A White House representative said President Donald Trump will stand by his statement that he did not ask for "loyalty" from former FBI Director James Comey. Comey testified in front of a Senate committee June 8 and said Trump asked him for "honest loyalty."
The Associated Press reports that in a meeting with reporters, White House spokesperson Sarah Huckabee Sanders said Trump had not read transcripts of Comey's testimony. In regards to Comey's statement that Trump asked for "loyalty," Sanders responded that she "can't imagine the president not standing by his own statement."
According to prepared testimony, Comey said Trump directly asked him if he wanted to remain with the FBI, and pressed further, saying: "I need loyalty. I expect loyalty."
Comey testified he told Trump he would offer his honesty and that when Trump explicitly asked for “honest loyalty,” Comey paused before replying "you will get that from me."
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Comey testified that he leaked memos he wrote about meetings with Trump to a close friend and law professor at Columbia Law School, who then gave those memos to The New York Times. Contained in the memos was Trump's directive to Comey to pledge loyalty.
When The New York Times detailed the accounts in the memos on May 11, the White House was quick to refute the claims. In the article, the newspaper reported that Trump painted a starkly different picture of the interaction, saying that Comey initiated the meeting and that the notion of pledging loyalty was never brought up.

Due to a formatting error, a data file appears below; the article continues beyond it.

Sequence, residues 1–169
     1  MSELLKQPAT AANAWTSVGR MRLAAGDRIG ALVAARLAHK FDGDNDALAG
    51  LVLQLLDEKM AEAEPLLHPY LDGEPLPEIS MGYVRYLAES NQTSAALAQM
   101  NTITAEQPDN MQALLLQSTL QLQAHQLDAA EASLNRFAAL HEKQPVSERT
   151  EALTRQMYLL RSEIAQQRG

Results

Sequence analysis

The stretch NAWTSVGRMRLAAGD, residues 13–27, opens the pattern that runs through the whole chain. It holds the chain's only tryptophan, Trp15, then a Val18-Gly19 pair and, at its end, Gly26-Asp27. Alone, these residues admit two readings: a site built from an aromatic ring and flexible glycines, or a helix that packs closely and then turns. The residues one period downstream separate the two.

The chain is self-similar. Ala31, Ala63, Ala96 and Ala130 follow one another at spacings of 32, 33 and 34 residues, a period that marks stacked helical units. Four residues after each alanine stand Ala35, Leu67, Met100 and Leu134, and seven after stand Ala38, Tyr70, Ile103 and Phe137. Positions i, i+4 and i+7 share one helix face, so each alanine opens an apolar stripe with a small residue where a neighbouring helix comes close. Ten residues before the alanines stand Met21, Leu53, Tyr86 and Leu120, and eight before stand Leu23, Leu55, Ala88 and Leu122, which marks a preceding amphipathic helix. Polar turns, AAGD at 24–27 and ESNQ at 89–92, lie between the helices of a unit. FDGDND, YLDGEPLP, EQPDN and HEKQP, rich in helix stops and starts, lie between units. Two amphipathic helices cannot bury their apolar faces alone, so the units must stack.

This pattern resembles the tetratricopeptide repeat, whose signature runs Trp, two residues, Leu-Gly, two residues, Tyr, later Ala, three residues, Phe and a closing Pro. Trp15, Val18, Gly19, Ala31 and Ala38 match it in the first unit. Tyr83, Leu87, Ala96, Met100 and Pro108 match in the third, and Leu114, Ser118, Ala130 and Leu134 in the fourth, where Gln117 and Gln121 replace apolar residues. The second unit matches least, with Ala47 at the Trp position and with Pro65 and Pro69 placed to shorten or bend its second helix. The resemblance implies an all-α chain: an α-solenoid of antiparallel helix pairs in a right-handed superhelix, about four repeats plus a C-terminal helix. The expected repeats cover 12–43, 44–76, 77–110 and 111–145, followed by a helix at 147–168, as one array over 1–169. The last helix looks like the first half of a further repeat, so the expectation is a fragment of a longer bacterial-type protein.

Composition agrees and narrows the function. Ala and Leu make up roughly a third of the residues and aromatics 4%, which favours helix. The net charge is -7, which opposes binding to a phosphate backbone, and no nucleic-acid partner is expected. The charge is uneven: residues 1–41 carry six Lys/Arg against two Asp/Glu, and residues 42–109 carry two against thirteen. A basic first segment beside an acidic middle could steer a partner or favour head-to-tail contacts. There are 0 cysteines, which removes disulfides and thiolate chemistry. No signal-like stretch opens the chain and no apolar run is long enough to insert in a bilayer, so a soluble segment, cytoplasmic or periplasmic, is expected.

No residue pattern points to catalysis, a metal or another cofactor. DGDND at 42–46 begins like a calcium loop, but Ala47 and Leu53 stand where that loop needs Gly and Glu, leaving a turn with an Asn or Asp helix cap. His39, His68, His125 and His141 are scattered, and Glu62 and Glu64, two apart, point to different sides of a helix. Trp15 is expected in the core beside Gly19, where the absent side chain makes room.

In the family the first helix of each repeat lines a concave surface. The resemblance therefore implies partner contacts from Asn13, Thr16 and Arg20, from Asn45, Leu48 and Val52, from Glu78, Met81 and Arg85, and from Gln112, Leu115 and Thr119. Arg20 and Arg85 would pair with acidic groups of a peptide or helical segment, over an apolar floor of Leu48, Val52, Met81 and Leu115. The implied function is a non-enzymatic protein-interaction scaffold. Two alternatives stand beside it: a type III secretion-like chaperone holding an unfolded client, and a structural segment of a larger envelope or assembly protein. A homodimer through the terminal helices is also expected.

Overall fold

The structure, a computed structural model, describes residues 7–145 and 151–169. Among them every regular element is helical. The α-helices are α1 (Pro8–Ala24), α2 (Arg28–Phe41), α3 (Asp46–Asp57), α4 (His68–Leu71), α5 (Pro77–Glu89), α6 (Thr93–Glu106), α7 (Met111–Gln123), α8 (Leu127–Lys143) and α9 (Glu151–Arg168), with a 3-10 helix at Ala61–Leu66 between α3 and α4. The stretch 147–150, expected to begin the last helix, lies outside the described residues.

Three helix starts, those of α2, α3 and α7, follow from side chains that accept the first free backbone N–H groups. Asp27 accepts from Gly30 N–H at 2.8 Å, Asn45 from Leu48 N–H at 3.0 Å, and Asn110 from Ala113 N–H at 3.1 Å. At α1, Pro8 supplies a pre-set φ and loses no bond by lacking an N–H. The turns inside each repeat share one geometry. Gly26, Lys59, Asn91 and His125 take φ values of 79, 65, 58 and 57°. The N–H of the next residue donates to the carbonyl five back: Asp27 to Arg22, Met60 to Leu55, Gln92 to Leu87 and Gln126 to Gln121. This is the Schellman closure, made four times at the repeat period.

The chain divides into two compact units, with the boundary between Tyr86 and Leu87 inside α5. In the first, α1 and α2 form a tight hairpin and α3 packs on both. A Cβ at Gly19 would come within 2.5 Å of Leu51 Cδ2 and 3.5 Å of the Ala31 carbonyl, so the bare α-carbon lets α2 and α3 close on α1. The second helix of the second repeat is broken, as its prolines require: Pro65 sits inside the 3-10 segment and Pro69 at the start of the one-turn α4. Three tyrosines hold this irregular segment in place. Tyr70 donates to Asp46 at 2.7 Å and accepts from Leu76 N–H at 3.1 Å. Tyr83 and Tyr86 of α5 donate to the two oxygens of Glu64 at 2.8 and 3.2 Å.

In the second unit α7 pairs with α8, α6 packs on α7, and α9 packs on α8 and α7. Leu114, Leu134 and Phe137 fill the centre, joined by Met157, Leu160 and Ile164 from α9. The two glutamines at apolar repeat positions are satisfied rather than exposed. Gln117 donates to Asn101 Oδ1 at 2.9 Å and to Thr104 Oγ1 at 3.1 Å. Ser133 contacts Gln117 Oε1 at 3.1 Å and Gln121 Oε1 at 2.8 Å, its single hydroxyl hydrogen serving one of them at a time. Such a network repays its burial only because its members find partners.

The New York Times also describes a potential disconnect in the president's mind. FBI directors are intentionally given 10-year terms to make them independent of the White House. Trump, a political neophyte and likely unfamiliar with Washington protocol, might not have understood that FBI directors are not political loyalists.
The idea of loyalty stemmed from Trump seemingly seeking to end the investigation into former national security adviser Michael Flynn. Comey's FBI was looking into potential ties between Flynn and Russian intermediaries, and memos of conversations between Trump and Comey show that Trump had called Flynn a "good guy" and hoped Comey "can let this go."
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Comey also testified that he told Trump he was not personally under investigation for potential Russia ties. Trump's lawyer, Marc Kasowitz, said in a statement that the president felt relieved by Comey's testimony, according to CNN.
"The President is pleased that Mr. Comey has finally publicly confirmed his private reports that the President was not under investigation in any Russian probe," said Kasowitz in a statement.
"The President feels completely and totally vindicated. He is eager to continue to move forward with his agenda."